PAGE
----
Paternal age and preeclampsia

Epidemiology. 2002 Nov;13(6):660-7. doi: 10.1097/00001648-200211000-00010.


Background: Paternal aging is associated with premeiotic damage to spermatogonia, a mechanism by which new point mutations are introduced into the gene pool. We hypothesized that paternal age might contribute to preeclampsia.

Methods: We studied the incidence of preeclampsia in 81,213 deliveries surveyed in 1964-1976 in the Jerusalem Perinatal Study. We controlled for maternal age, parity and other risk factors using logistic regression.

Results: Preeclampsia was reported in 1303 deliveries (1.6%). Compared with fathers age 25-34 years, the odds ratios (ORs) for preeclampsia were 1.24 (95% confidence interval = 1.05-1.46) for age 35-44 and 1.80 (1.40-2.31) for age 45+. For fathers age <25, the OR was 1.25 (1.04-1.51). Although weaker than maternal age effects, paternal effects were consistent within subgroups of other variables.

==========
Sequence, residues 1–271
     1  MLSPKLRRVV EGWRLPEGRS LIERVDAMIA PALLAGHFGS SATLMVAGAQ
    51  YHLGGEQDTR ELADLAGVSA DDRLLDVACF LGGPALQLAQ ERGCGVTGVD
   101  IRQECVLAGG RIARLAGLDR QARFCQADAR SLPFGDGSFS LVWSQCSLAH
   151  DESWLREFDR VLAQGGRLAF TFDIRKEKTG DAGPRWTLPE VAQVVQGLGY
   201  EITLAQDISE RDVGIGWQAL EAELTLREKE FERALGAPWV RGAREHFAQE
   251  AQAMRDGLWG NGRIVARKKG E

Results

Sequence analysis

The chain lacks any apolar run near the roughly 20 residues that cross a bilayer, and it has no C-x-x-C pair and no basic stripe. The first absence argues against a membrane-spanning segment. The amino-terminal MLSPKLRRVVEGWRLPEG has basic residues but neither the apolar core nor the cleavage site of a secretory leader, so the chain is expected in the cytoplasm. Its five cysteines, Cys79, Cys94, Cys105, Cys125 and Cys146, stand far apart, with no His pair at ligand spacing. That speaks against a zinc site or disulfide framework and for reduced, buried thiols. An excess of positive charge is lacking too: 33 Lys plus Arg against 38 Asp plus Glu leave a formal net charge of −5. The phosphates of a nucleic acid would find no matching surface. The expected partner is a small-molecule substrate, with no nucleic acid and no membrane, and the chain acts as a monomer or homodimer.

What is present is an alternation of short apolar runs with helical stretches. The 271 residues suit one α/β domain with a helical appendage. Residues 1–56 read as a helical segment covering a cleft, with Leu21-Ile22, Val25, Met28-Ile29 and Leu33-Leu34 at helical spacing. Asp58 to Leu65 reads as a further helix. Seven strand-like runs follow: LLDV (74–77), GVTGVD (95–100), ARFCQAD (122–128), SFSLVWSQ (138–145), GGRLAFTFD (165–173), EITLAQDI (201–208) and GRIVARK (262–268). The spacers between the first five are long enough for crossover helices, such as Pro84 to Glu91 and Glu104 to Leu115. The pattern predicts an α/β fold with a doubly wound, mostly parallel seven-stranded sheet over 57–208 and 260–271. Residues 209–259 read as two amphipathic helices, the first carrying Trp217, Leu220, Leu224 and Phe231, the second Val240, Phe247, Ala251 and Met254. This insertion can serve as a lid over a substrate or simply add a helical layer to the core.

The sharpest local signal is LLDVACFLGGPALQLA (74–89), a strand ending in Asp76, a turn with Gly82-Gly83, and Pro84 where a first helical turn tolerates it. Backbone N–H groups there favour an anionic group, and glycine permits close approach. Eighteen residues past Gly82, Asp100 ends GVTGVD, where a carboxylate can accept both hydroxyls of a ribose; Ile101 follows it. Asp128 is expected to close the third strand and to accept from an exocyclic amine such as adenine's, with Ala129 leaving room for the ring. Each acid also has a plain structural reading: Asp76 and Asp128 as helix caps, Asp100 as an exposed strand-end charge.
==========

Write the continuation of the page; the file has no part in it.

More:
Conclusions: These findings support the hypothesis that a modest proportion of preeclampsia might be explained by new mutations acquired from fathers and add to a growing body of evidence for paternal age effects in birth defects, neuropsychiatric disease and neoplasia.

Publication types

  • Research Support, U.S. Gov't, P.H.S.

MeSH terms

  • Adolescent
  • Adult
  • Age Distribution
  • Aged
  • Cohort Studies
  • Fathers
  • Female
  • Humans
  • Infant, Newborn
  • Israel / epidemiology
  • Male
  • Middle Aged
  • Odds Ratio
  • Paternal Age*
  • Pre-Eclampsia / epidemiology*
  • Pre-Eclampsia / genetics
  • Pregnancy